The biggest cross in Dublin is a water feature that dominates this beautiful and touching Garden that remembers all those who fought the centuries long battle for Irish independence. The Garden of Remembrance is actually only a stones throw from the most bustling and busy street in Dublin: O’Connell Street. However the holiday maker can find real peace here, and a sense of history, in this lovely sanctuary. Given the Garden of Remembrances central Dublin location, its beauty, and the historical value of what it represents, the garden of Rembrance is an absolute must for your Dublin holiday itinerary.


How to get there

The Garden of Remembrance is only one street up from O’Connell Street. You can walk from the Liffey side of O’Connell street, past the O’Connell monument, past the GPO (famous battle site during the Easter Rising) and right the way up towards the start of Parnell Street (passing the Parnell monument). You will then see some blue gates that lead right into the Garden. In that short trip the many statues on O’Connell street will remind you of some of biggest figures in Irish history, the Garden will then shed more light on the cause they fought for. It would be a real shame if you did not dedicate a nice afternoon during your holiday to stroll slowly and meditate on the history that still prevails in Dublin.


Important information

  • The Garden of Remembrance is free and it holds a sacred place in the hearts of many of Dublin’s residents. We suggest it is best avoided on days when merry-making are the aim  . It is much better to visit on one of the quiet days during your holiday.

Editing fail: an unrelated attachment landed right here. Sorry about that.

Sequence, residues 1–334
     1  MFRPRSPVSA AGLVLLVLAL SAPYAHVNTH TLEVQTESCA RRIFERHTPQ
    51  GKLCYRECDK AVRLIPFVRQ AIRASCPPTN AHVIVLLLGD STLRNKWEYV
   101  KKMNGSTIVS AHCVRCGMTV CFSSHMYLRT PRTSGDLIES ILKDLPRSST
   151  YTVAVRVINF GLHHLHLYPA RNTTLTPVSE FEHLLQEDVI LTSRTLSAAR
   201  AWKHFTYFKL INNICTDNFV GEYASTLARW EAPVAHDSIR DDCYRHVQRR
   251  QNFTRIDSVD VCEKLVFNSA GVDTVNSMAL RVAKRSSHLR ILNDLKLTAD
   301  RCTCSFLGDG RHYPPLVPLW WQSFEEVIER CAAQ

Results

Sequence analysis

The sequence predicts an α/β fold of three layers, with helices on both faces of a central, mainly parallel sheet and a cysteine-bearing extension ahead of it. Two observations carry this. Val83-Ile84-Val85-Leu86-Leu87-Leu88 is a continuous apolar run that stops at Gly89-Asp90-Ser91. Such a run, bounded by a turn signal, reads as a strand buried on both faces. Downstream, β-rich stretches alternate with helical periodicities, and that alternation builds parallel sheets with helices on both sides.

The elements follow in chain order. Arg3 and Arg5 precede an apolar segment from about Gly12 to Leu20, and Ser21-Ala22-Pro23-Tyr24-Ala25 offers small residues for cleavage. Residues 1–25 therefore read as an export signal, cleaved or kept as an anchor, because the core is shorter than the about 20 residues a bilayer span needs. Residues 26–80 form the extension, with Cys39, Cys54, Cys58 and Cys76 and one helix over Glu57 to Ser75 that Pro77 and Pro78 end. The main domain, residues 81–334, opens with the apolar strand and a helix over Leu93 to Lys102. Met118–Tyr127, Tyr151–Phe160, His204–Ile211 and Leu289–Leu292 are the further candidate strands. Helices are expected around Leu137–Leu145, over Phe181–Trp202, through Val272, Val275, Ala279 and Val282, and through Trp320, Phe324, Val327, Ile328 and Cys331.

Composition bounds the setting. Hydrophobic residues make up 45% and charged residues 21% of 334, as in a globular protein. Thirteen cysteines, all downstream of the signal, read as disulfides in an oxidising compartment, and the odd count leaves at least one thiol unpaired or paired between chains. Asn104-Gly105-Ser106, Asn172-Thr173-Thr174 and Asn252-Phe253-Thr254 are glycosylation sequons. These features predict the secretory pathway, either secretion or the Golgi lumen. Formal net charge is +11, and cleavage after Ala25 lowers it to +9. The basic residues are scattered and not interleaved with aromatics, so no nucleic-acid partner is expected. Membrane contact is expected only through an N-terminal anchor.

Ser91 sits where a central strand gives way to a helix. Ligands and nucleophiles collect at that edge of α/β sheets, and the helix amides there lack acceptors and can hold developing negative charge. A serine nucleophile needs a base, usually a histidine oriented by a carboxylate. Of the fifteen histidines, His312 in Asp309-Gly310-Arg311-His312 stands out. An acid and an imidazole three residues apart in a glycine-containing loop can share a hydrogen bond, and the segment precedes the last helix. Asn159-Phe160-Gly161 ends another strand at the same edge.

• Although there aren’t any coffee shops or restaurants in the Garden there are several near by.


What to take

Make sure you bring a camera. On a sunny day the Garden of remembrance is very beautiful and you will definitely regret not taking a picture to remember it by after your holiday.


Look out for

The area surrounding the sculpture at the back of the Garden is intended as a place of reflection and rest. This sculpture is called children of lir and engraved into it is a poem by Dublin born author Liam mac Uistin:

“We Saw A Vision”

‘In the darkness of despair we saw a vision,

We lit the light of hope and it was not extinguished.

In the desert of discouragement we saw a vision.

We planted the tree of valour and it blossomed.

In the winter of bondage we saw a vision.

We melted the snow of lethargy and the river of resurrection flowed from it.

We sent our vision aswim like a swan on the river. The vision became a reality.

Winter became summer. Bondage became freedom and this we left to you as your inheritance.

O generations of freedom remember us, the generations of the vision.’


The Route from O’connell bridge to the Garden of remembrance. Over O’Connell Bridge from the South Quays to the North Quays, and on through O’Connell Street. A the North end of O’Connell Street, you carry on straight along Parnell Square East. The Garden of Remembrance is two thirds of the way up this street on the left.



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